• Ilan Says:

        Dr. Altaf,
        Thanks for responding. Both nations are facing similar problems in educational reforms in rural areas. It appears both nations have harbored “career politicians” and that have impeded progress to the growth and development of the nations. Pak’s corruption index 2.5, India is 3.1 and both are low..

        There are some advantages to Indian education in that it promotes mathematics, sciences, technical skills just like Pakistan’s system but the reality is more jobs are being outsourced to India with greater Foreign investment than Pakistan, primarily because Pakistan has other problems. Poor governance in Pakistan and other systemic issues drive investment away. The NRIs in Silicon Valley did not scale reforms state by state but they have played roles as investors, incubators, and business people of India’s companies which will have long term incremental gains as a result of the high numbers of educated Indians & acceleration of the emerging middle class.
        The Indians abroad have assisted in mobilising the required capital for private investment in education but again its not enough to catch up to reduce the entire nation’s rural illiteracy problem but there are stakes in the ground.. America India Foundation has impacted 23 states in India educational reforms and defined programs and 23 million people in India..

        http://www.aif.org/wp-content/uploads/2012/11/AR12.pdf

        The educational approaches in both nations are to reward the high scoring testers (high credentials) vs. people with skills (execution). The skills approach is in the west vs. a knowledge approach in India & Pakistan. US has its own issues with public schools but higher education has big rewards and incentives are with the skills based approach and execution skills in problem solving, research and innovation etc.

        I see nothing but gains to teaching real skills vs. knowledge at various levels in Pakistan.
        “Give a man a fish and you feed him for a day. Teach a man to fish and you feed him for a lifetime”

        Hopefully, we can see some report backs with Magnet schools in Pakistan on your website.

        Thank you.

  8. Kijan Says:

    Also, it was mentioned that elite LUMS students cannot communicate with Pak’s ethic rural communities due to language and social class barriers which is true but there are language translators in Pakistan that can be provided to help.. Seems like “out of sight out of mind issue”.
    In addition, the cost to do an education forum/talk in a village is low but the gain is high. Seems easy to say but how did Bangladesh and India improve economically in the last decade?? If LUMS students can travel across the world to the west to seek their dreams they can certainly travel down the street to a village once in a year… If Pakistan’s don’t help each other there won’t be much change..

    • Anjum Altaf Says:

      Kijan: Interacting through translators reinforces the relationship between the rulers and the ruled which is part of the problem.

      Improving economically is too broad a term for this discussion. If we are talking of poverty, we should look at the bottom 20 percent of the income-earners. Do what extent has their situation improved in India and Bangladesh? How does that compare with China?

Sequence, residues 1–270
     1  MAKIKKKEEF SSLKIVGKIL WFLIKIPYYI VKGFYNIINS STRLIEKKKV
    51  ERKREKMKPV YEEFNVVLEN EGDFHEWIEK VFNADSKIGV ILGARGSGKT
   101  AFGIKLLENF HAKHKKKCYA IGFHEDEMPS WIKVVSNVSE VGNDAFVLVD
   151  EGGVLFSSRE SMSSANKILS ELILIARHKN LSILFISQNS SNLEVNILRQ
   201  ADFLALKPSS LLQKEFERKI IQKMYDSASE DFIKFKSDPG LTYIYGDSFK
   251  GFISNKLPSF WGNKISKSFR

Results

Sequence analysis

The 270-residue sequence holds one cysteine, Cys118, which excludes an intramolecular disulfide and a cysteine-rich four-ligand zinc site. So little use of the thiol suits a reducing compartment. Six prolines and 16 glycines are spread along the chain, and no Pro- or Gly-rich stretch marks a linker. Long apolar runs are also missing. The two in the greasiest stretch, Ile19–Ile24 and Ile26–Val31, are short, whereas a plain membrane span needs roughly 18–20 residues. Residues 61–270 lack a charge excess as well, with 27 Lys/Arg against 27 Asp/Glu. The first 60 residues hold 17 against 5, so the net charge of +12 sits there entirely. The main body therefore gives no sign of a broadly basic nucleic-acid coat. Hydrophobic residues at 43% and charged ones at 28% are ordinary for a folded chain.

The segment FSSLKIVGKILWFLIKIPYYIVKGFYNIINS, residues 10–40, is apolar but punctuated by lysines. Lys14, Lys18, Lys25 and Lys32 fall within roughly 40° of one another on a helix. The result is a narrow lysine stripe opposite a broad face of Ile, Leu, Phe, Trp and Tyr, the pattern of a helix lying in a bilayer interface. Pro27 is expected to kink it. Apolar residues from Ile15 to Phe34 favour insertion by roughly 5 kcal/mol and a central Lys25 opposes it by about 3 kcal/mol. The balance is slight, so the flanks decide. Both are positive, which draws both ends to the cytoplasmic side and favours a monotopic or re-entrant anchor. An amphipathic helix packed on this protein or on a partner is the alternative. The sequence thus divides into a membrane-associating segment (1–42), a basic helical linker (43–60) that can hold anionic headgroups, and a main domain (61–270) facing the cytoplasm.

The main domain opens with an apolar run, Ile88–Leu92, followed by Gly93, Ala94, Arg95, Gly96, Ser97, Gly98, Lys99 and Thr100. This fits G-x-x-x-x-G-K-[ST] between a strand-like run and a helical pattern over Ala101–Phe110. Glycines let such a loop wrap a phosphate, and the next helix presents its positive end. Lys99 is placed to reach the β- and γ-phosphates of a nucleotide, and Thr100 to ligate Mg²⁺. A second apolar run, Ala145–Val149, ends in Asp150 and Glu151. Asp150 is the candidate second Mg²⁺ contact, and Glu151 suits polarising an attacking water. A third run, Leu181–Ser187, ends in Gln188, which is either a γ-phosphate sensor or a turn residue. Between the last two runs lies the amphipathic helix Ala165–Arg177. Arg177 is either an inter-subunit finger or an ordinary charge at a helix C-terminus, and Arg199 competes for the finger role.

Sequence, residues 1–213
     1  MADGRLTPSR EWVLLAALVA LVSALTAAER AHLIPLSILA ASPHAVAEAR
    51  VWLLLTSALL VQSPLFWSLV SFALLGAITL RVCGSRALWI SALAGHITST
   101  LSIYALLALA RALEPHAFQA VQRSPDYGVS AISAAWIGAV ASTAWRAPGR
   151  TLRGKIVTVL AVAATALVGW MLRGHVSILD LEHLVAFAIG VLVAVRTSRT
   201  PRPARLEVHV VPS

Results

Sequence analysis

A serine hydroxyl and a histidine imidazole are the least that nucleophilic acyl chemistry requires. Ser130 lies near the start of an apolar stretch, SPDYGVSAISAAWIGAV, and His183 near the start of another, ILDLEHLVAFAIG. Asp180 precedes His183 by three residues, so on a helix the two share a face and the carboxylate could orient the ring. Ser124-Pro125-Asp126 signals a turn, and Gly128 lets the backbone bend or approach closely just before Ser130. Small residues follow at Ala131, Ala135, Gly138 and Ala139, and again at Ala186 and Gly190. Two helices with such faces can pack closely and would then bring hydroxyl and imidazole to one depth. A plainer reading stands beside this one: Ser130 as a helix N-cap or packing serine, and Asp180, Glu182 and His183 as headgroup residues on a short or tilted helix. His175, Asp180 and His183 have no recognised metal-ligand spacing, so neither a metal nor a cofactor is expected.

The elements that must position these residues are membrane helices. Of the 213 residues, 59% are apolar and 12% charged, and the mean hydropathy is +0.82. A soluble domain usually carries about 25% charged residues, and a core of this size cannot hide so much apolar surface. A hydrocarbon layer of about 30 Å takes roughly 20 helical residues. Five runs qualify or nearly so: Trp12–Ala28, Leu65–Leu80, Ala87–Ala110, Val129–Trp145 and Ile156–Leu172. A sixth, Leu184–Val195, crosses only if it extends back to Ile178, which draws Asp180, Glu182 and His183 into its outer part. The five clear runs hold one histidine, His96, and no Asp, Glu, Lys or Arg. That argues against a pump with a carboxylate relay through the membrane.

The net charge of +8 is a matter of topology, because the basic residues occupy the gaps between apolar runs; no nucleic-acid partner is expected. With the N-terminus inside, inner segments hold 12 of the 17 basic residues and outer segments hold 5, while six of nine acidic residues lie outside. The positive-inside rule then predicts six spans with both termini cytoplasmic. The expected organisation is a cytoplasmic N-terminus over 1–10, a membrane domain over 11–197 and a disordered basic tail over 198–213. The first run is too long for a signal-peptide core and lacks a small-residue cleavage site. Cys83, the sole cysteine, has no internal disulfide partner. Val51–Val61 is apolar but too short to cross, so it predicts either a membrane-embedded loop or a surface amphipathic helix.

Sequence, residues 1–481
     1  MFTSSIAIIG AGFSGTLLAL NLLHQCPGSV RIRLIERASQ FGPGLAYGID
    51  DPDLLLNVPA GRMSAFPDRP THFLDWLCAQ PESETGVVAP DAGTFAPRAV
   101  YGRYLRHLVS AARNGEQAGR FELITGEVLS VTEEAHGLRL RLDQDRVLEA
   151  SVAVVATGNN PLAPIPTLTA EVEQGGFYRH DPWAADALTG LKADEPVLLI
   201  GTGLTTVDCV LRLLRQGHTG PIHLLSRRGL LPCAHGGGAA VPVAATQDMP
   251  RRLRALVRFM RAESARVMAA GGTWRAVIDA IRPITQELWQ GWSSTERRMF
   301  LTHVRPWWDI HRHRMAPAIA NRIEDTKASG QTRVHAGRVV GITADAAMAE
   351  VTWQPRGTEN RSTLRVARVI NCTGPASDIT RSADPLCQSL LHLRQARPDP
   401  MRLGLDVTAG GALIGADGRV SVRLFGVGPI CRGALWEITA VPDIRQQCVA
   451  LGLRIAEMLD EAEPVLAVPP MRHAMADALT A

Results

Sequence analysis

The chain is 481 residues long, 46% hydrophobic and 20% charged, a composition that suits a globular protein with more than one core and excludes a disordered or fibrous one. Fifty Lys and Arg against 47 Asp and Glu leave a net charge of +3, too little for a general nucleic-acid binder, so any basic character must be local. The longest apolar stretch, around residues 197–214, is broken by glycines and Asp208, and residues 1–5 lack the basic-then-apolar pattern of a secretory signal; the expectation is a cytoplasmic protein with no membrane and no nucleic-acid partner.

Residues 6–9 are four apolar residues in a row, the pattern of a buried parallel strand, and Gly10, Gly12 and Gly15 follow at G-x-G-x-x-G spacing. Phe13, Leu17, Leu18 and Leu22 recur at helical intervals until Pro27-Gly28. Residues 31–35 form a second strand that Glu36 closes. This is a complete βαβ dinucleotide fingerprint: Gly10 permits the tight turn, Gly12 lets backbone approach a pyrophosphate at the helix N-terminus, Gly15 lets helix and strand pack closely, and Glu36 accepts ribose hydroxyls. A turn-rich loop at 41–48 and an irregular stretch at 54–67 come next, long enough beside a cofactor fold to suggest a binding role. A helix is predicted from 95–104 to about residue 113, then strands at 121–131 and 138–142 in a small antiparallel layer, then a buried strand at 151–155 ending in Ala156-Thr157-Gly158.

The travel of LUMS students is not restricted by physical mobility. There is profit, prestige, and pleasure in travelling outward but nothing to gain by traveling inwards. Places just 30 miles from Lahore are like a foreign country to many who regularly visit countries abroad.

      • Kijan Says:

        I have not heard of “rulers and the ruled” concept with translators. It seems straightforward to translate into Punjabi or another local dialect other than English (business commerce language). The class gap is too wide in Pakistan. I don’t blame them for taking the exit strategy.

        In Bangladesh, the central government nationalized and assumed the administration of private and NGO-run primary schools. The nationalization benefited teachers with pay and benefits and it was a sign that Bangladesh was committed to improve the prospects of education. Enrollment rates increased but its still needs work to reach a more robust education sector. Because South Asia is so diverse there has to be an out of the box educational model that fits the diversity and social issues of that nation with emphasis on accessibility and quality.

        • Anjum Altaf Says:

          Kijan: Imagine a ruling elite that is unfamiliar with the language of the ruled – How alienating can that be? Governing and communicating through translators is almost like being under colonial rule. Can you think of something similar in China or Korea or Vietnam?

          The class gap is equally wide, if not wider, in India but fewer are taking the exit strategy. In fact many are moving back to India from abroad. The bleak economy is partly fueling the exit from Pakistan.

          Nationalization was the cause of the steep decline in education in Pakistan. This included FC College which was ruined and has only begun to recover after being de-nationalized. This implies that such interventions have to be evaluated on a case-by-case basis. One cannot assume that nationalization would yield the same results everywhere. You are right, every place needs to craft a solution compatible with its contextual conditions.

  9. Kijan Says:

    The biggest root cause of why South Asian nations neglect education for its majority is because the leaders of those nations have “very old minds in a new world”.